High Heels in Workplace: Can Employers Still Require Women to Wear Them?
Unless the employer will impose the same requirement on men, then the answer is no.
Employers generally have freedom to regulate employees’ appearance in the workplace. Employers typically require employees to wear uniforms or clothing that conveys a particular image, and can even prohibit visible tattoos and most body piercings so long as they are not religious in nature. However, problems arise when these policies are not enforced evenhandedly amongst both sexes.
Take Nicola Thorp as an example. Ms. Thorp recently gained media attention after she was sent home for wearing flat shoes rather than high heels on her first day of work at a financial services company in London. “The supervisor told me that I would be sent home without pay unless I went to the shop and bought a pair of two to four-inch heels,” Thorp told Hatty Collier of the London Evening Standard on May 12, 2016. Thorp was eventually ‘sent home for refusing to wear high heels,’ Thorp had been assigned to work as a receptionist and was largely responsible for escorting clients to meeting rooms.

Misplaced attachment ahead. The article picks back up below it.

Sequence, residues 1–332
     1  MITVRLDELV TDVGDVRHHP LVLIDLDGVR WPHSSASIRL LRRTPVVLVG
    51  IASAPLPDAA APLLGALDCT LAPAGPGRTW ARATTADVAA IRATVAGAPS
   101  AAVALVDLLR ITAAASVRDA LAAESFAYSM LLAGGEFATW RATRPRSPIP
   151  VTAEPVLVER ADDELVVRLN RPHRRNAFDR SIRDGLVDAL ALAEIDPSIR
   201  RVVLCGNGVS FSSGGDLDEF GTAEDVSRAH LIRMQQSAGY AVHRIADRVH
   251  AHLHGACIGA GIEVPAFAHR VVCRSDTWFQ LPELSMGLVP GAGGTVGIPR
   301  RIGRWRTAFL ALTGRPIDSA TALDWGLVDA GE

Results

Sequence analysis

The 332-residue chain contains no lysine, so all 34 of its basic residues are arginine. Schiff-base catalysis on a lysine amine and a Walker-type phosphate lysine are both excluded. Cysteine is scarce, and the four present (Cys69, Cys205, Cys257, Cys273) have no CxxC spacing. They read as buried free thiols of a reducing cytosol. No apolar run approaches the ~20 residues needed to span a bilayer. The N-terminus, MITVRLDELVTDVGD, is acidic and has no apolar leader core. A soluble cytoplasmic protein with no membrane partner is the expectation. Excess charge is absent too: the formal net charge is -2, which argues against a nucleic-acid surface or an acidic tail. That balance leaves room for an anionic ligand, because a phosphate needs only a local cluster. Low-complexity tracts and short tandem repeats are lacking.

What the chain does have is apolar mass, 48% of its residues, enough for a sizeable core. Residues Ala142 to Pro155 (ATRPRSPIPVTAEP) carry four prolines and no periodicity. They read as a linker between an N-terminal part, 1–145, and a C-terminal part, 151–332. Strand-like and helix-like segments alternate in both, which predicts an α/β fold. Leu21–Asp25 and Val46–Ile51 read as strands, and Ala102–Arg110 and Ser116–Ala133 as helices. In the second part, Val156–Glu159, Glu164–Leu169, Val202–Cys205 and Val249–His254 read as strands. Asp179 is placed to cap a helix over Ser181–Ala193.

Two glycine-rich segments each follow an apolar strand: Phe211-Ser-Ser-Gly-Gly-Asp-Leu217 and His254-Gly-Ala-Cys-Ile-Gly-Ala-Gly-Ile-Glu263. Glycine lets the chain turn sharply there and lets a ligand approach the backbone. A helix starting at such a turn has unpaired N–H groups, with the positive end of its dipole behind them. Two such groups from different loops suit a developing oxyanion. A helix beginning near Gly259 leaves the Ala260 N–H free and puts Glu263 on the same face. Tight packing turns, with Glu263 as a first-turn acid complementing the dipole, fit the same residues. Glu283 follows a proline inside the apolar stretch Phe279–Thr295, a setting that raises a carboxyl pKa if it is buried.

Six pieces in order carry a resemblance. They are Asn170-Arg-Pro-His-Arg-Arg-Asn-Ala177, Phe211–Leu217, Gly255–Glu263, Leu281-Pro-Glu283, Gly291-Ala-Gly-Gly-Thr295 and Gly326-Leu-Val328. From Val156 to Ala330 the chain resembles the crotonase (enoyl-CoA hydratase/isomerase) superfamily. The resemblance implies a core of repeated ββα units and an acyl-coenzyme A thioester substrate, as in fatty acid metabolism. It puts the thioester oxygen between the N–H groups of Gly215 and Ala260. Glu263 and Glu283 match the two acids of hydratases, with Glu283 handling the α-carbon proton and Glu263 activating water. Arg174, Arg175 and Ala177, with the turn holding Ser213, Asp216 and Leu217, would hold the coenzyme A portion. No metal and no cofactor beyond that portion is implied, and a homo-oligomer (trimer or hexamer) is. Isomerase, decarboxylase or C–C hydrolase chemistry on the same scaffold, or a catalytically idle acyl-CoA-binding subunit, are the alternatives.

Another example is Nicola Gavins. Gavins recently shared a photo on social media of a friend’s feet bleeding after working a full shift as a waitress claiming that the Canadian restaurant forced its female staff to wear shoes with at least one inch of heel.
While these examples have not yet advanced into litigation, employers in the United States should be aware that under Title VII of the Civil Rights Act, it is illegal to discriminate against an employee or applicant on the basis of race, color, religion, national origin, or sex. This means that dress codes, grooming requirements, or other appearance-based policies must not have a disparate impact on any particular protected class regardless of the employer’s intention. Where appearance standards clearly apply differently to men and women, they have been held to be prima facie discriminatory under Title VII. Such policies are legally permissible so long as they are enforced in a non-discriminatory fashion or if based on a bona fide occupational qualification, such as safety.
Employers have greater chance of avoiding appearance-based claims if they institute clear appearance policies that are enforced in a non-discriminatory fashion